Federally mandated drug tests must be performed by laboratories certified by the US Department of Health and Human Services, while alcohol tests must be conducted by certified technicians using a DOT-approved device [2,4,5,23]. Random testing is performed on randomly selected employees immediately before, during, or immediately after their work shift. An alcohol violation is defined as an alcohol concentration level of ≥ 0.04 g/dL (equivalent to 0.04 grams of alcohol per 210 liters of breath), shy lung or refusal to submit to testing. Shy lung is recorded when an employee fails to provide a breath specimen and a physician has determined, through a required medical evaluation, that there was no adequate medical explanation for the failure. For alcohol tests, a result <0.02 g/dL is considered negative. A confirmation test is required when the result is ≥0.02 g/dL. A drug violation is defined as a positive test for marijuana (≥ 50 ng/ml), cocaine (≥ 300 ng/ml), amphetamines (≥1000 ng/ml), phencyclidine (≥ 25 ng/ml), or opiates (≥ 2000 ng/ml), adulterated tests, substituted tests, shy bladder or refusal to submit to testing. Shy bladder is recorded when an employee fails to provide a sufficient amount of urine when directed, where medical evaluation determines that there is no adequate medical explanation for the failure. For drug tests, a result below the cutoff is considered negative. If the result is at or above the cutoff, then a urine confirmation test is conducted. When a confirmation test is below the confirmation cutoff, the result is considered negative; when a test result is at or above the cutoff it is considered positive. Specimens are evaluated to detect if the sample is consistent with human urine and then are examined for signs of adulterants, foreign substances, dilution, and substitution. When a test is confirmed as positive or when drug testing was not conducted due to detected adulterants or substitution, a test of the split specimen may be requested. The split specimen is then tested by a different laboratory .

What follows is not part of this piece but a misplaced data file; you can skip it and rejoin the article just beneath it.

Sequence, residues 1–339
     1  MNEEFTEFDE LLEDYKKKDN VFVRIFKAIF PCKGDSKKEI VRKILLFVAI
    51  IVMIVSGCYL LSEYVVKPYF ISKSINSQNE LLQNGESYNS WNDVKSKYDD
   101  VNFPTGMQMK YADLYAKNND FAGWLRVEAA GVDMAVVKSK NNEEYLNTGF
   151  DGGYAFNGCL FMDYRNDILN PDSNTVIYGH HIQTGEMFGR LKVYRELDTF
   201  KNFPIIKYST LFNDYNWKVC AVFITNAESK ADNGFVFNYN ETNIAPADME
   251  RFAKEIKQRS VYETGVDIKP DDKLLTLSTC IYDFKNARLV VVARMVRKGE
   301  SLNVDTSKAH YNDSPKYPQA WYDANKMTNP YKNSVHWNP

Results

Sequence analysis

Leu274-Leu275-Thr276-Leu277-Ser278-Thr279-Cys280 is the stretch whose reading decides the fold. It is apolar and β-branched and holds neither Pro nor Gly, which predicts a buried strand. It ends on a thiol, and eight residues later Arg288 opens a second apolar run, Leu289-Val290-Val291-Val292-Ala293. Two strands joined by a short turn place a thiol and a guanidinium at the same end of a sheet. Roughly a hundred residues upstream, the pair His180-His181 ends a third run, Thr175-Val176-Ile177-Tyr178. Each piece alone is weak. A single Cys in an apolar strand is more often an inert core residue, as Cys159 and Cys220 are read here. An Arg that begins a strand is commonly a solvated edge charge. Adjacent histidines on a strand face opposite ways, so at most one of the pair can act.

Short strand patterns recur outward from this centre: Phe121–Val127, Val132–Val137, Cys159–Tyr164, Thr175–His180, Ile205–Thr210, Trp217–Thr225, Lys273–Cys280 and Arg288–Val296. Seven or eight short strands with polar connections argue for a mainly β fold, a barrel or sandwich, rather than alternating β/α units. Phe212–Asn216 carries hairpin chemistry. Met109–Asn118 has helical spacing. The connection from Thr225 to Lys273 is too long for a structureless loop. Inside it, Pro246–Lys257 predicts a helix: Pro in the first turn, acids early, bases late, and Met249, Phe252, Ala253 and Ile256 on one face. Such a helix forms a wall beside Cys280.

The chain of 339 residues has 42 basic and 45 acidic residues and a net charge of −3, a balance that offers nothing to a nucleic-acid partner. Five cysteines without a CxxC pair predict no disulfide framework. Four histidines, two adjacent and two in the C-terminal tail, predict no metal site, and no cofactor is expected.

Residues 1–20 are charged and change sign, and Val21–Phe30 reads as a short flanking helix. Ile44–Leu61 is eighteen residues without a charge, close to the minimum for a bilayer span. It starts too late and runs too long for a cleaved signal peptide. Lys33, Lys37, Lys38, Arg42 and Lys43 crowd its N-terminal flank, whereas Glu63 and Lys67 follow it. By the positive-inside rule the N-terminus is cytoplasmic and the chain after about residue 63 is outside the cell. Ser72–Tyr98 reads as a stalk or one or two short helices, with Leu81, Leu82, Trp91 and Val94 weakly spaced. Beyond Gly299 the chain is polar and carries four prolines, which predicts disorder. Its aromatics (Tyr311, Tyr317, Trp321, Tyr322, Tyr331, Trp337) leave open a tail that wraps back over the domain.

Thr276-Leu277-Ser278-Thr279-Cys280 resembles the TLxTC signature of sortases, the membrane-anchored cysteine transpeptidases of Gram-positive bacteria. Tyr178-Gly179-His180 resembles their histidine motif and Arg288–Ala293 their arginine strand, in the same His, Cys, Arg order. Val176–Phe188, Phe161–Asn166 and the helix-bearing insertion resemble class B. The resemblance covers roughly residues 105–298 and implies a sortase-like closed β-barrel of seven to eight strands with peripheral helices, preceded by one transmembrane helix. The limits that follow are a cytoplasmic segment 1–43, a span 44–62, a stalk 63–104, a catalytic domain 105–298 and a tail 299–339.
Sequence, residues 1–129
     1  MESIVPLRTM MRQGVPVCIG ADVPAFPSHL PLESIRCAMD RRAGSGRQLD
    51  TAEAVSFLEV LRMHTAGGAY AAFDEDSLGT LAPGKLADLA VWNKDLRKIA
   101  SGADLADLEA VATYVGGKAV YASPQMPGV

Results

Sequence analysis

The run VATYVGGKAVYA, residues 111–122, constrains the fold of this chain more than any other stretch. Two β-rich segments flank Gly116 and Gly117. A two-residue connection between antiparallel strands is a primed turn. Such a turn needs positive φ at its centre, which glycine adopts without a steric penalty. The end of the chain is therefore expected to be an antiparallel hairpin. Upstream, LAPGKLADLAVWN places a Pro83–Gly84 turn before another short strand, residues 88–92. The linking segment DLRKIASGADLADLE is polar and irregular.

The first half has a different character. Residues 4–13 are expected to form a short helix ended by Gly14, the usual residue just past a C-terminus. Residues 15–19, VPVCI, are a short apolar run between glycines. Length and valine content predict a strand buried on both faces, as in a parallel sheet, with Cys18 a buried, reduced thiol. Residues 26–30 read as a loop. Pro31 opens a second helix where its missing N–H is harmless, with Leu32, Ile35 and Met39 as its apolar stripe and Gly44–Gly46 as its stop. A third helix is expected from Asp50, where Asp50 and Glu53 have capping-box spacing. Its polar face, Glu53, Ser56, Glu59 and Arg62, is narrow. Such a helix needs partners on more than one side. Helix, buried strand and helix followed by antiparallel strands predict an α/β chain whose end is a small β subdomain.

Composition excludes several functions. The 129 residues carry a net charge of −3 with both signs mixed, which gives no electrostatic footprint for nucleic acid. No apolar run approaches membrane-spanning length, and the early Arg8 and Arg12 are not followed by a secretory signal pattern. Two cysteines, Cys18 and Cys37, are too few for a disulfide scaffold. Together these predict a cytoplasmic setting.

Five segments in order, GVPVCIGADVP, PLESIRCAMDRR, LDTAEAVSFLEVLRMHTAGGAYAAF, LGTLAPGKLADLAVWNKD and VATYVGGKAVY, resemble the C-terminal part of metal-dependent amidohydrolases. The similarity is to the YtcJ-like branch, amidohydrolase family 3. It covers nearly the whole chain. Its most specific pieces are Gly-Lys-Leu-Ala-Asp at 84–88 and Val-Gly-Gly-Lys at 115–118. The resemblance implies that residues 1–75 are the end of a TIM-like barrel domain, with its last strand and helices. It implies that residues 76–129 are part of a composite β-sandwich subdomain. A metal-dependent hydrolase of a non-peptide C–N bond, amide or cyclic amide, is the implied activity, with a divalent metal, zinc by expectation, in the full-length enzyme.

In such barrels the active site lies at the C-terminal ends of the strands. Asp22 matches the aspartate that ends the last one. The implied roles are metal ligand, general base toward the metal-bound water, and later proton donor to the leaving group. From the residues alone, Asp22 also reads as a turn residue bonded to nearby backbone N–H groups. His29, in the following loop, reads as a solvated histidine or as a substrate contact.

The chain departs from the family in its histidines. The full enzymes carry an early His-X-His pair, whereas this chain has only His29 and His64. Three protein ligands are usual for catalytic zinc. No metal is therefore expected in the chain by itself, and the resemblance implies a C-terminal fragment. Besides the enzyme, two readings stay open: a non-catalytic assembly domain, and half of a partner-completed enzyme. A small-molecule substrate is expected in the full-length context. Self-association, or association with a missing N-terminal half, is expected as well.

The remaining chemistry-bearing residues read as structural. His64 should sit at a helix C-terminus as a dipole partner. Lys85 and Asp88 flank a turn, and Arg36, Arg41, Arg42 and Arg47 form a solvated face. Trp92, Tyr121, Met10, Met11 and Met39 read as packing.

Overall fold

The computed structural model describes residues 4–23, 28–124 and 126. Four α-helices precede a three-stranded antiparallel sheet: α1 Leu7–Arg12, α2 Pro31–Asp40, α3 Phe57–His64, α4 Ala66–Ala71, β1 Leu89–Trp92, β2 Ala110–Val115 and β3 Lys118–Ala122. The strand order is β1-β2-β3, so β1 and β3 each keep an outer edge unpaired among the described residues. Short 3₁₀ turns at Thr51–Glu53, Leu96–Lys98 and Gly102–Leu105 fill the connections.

Annual alcohol and drug testing data for the years 1995 through 2005 were analyzed. The validity of suspected alcohol and drug violations was measured by positive predictive value (PPV) and positive likelihood ratio (LR+). PPV, referring to the probability of an actual alcohol/drug violation in an employee suspected of using alcohol/drugs, is calculated by dividing the number of violations detected through the reasonable-cause testing program by the number of tests performed under the reasonable-cause testing program. LR+, defined as the probability of a reasonable-cause test being performed on an employee who was positive for alcohol/drugs divided by the probability of a reasonable-cause test being performed on an employee who was not, was computed according to the following formula :